Word reached her that the decision was racially motivated, although the Institute’s defenders pointed out that the number of applicants greatly exceeded the available places. She continued with music, working as an accompanist for a singing teacher. She soon taught her own lessons, adding singing to piano playing for the first time, but the uncertainty about her failure was to remain with her.

When did she become a singer?

Eunice had little experience of singing other than in church and was conscious of her limited vocal technique. However, her classical background in combination with a natural talent for improvisation gave her an ideal mix of skills for such a position and soon led to her setting up her own teaching practice. She herself continued lessons by way of an arrangement that was not uncommon for unsuccessful applicants by studying privately with Vladimir Sokoloff, who would have been her tutor at Curtis.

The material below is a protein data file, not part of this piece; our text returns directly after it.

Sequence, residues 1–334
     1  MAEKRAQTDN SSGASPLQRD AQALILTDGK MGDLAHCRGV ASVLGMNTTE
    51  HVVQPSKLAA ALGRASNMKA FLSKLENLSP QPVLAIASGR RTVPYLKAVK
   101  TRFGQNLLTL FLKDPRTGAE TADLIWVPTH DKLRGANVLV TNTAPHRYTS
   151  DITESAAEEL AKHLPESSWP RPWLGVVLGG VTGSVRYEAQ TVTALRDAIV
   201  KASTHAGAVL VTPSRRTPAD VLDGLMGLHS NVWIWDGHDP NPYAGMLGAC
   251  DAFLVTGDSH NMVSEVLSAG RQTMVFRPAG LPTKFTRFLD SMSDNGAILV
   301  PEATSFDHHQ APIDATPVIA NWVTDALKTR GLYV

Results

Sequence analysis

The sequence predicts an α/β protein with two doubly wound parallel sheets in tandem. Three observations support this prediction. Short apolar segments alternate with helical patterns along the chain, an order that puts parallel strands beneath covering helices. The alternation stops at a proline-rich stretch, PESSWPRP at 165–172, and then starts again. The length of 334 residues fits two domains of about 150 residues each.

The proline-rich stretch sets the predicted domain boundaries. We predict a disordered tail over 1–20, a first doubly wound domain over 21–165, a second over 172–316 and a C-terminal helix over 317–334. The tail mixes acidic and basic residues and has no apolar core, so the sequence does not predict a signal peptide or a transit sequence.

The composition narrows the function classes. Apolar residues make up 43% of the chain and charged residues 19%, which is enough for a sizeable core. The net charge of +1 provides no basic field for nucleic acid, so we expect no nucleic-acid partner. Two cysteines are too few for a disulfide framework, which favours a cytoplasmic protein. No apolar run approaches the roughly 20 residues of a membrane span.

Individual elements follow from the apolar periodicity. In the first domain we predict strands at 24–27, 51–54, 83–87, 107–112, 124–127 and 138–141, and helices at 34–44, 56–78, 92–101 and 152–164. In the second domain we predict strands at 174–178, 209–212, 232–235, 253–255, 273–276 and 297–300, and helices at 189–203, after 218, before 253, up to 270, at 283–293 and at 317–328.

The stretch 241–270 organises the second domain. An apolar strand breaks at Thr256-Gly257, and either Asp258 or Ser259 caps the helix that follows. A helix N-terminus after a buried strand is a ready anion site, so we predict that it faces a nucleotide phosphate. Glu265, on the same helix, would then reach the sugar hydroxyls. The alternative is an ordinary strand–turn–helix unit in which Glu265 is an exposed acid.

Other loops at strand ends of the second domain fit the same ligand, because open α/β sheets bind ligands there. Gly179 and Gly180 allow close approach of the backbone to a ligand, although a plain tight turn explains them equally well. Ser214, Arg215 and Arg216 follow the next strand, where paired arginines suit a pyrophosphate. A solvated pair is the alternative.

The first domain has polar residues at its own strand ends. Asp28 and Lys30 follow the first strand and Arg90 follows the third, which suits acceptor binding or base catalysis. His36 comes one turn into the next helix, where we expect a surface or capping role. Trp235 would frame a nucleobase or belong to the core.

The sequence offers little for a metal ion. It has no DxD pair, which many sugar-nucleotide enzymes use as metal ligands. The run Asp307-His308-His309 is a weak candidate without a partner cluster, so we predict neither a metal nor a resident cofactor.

Looking to make some more money, she noted that several of her students worked in bars and clubs, so via an agent she secured a season at the Midtown Bar and Grill in Atlantic City, where she was required to sing as well as play the piano.

She obliged, but from the off found her own distinctive way to be a singer-pianist, mixing classical fragments with gospel songs, hymns and popular tunes, often in continuous interpolated and segued sets. Her relatively untrained voice had a range that barely exceeded an octave – she would later allude to her singing as adding another line to the piano part rather than being accompanied by it – and a delivery that sat somewhere between a croon and a blues holler.